Ebo ni won ni ko waa se

Iworo sope

Eni gbebo nibe ko sebo


Make love to the beautiful dark skin ones

And make love to the pretty fair skinned ones

Ifa’s message to Esinsin, the housefly

When going to be the secret lover of a star mango

He was advised to offer ebo

All devotees of Ifa!

Whoever is advised to offer ebo should comply

10.Ifa says that there are some Irunmole/Orisa devotees who had benefited greatly from Ifa/Orisa. Unfortunately however, they are the same people complaining more than anyone else that Ifa had not favoured them the way they would have expected. Ifa says that this year, many of them will abandon Ifa/Orisa in order to go and embrace other faith.  Ifa says that nobody needs to persuade these people against taking such decision. Ifa says that all the ire that they want in life is in the hands of Ifa/Orisa. Abandoning Ifa/Orisa means moving away from all their ire in life. Ifa advises whoever is contemplating such to offer ebo with three pigeons, three hens, three roosters, and money. They also need to feed Ifa with one matured pig. On this, Ifa says:

Elegbo ni o sanwo omi

Agbalagba ni o di’yo eepe

Agba to diyo eepe ni yoo gbowo okuta

Dia fun won niluu Ede

Nibi won lawon o nii sin Ikin mo

Ebo ni won ni o waa se

Eyin ara ilu ede ti e leyin o sin ‘kin mo

Abuku araa yin lo wa


Mashed corn seller does not dip her hand inside water

An elder does not sell sand

An elder who sells sand as salt will be paid with stone

Ifa’s message for the inhabitants of Ede land

Where they had decided not to worship Ifa anymore

They were advised to offer ebo

They refused

And everything went wrong for them

You, inhabitants of Ede land who declared that you will no longer

serve Ifa

The disgrace and embarrassment are all yours


1.Ifa for support

2.Ori for elevation and support

3.Esu Odara for protection

4.All other known Irunmole/Orisa

5.Egungun for ancestral support

6.Oro for ancestral support


1.Must not be avaricious – to avoid unconsummated fortune

2.Must not practice infidelity or extra marital affair – to avoid disaster or untimely death

3.Must not be too loose with one’s tongue – to avoid financial problem and business failure

4.Must not consume roasted corn – to avoid unconsummated fortune

5.Must not abandon Ifa/Orisa for any other religion – to avoid disgrace and embarrassment

6.Must not cheat or enslave others – to avoid incurring the wrath of the divinities

Aboru Aboye.

Solagbade Popoola

Chairman, Ethics and Scripture Committee

June 10, 2010 Posted by | Uncategorized | 1 Comment

2010-2011 Odu of the Year , ( Letra Del Anio )

My draw circa: Ifa Divination Tray (Opon Ifa) ...
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The Odu of the year revealed for the whole world as it affects all and sundry in the year 2010/2011 is OSE ONIBARA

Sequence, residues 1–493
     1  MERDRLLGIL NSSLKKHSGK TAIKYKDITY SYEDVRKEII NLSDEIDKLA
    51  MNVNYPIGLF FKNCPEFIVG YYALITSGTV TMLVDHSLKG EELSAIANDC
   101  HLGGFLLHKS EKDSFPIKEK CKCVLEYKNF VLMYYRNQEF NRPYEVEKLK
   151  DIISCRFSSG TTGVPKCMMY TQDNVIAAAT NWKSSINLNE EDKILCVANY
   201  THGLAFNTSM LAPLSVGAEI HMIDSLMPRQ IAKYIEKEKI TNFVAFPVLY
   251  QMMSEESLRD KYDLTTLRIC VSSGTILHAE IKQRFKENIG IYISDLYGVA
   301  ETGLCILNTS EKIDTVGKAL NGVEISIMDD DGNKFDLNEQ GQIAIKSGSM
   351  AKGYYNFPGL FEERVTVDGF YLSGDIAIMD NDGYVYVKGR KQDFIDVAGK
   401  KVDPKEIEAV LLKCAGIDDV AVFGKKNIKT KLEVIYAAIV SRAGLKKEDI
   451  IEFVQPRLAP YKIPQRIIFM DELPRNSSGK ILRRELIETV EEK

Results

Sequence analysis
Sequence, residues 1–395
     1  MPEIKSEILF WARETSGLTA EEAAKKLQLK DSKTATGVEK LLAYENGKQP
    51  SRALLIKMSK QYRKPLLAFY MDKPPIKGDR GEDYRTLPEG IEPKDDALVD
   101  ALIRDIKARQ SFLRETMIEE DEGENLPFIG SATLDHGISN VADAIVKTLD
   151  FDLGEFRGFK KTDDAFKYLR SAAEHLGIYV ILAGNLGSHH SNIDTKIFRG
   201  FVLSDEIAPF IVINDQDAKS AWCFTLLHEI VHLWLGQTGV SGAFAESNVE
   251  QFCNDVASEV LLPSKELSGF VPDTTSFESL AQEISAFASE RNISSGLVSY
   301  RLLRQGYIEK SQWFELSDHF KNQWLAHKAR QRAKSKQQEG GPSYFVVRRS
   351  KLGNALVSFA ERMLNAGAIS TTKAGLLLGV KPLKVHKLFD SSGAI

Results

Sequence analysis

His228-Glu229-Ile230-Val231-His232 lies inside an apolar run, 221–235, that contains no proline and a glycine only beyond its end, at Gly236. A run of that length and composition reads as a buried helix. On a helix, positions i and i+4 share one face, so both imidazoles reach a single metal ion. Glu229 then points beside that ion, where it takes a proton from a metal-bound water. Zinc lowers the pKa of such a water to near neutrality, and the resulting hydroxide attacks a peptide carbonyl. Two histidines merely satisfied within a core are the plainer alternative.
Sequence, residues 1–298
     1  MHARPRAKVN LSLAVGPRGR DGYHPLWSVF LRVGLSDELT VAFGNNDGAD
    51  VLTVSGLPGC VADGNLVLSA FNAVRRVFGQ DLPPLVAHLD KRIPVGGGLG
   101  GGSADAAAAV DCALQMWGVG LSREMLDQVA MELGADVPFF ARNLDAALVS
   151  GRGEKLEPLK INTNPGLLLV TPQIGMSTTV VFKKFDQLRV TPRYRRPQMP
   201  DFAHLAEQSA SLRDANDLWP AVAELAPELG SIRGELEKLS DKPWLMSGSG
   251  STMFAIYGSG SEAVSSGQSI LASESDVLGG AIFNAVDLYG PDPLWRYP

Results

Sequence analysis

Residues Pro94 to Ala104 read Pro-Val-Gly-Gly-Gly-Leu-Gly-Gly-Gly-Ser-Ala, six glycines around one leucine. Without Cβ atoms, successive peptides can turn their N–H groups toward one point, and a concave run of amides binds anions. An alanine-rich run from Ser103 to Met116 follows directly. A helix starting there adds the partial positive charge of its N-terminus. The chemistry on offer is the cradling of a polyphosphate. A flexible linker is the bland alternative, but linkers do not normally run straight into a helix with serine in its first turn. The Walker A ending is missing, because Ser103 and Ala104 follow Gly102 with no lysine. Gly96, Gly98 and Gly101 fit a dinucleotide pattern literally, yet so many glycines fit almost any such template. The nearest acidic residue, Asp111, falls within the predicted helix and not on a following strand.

In this Odu, IFA foresees the ire of prosperity for all IFA devotees all over the world. IFA says that the IFA devotees, and especially those who are initiated into IFA, do not need to search too far to seek success. Their success lies within their immediate environment.

People should consult Òrúnmìlà before going on a trip looking for progress. We all should continue following the direction of IFA for anything that we intend to do. Women need to be more dedicated to IFA in terms of worship, study, and care. They will be blessed with lots of success. Women with this Odù IFA must never at anytime depart or derail from the path of IFA because all their achievements/accomplishments in life rest on IFA. IFA is their refuge and solace at anytime. They must follow the tenets, advice, and injunctions of IFA at all times. Women must marry IFA (becoming Iyanifa or Iyawo Ifa) or an Awo IFA in order to have a blissful life. They must be consistent in their dedication to IFA. Barren women should propitiate the Ibeji to be able to have children. Feeding Obatala, Òsun, IFA, and Egungun with specific items, will guarantee success in this matter.Women that are already pregnant should propitiate Egbé to avoid abiku children. Verses of ÒséBàrà are chanted to children so the might not suffer lack accomodation in the world when they grow up. The sacrifice prescribed must be performed to avert ailment or for sound health and quick recovery in case there is affliction already. This sacrifice should include an appeasement for the Iyamis (Ipese). Once finished, it will ward off all the negative forces that may be surrounding the IFA devotees. It will also put a stop to bad dreams and nightmares that could also generate illness and affliction in the community.

This Odù is recalling the need to get closer to IFA for comfort and good health. If the devotees are persistent with IFA, success, honor and prosperity will be theirs. All followers of IFA have to be careful in their associations with people, especially when it comes to go out for social engagements. All must avoid situations whereby the enemies may use certain evil means to tarnish or cause a blemish to their skin. Nobody should use dishonest ways to get money. People shall be paid back in whatever means or measure they use. Babalawos are being reminded that should not be greedy. Òrúnmìlà said that we should notice those that eat with greed. Their terminal end would never be fine. But whoever eats little by little, and refuses to take what is not his, that person would never suffer in the hands of his foes. Babalawos must be truthful and do all their things with truth.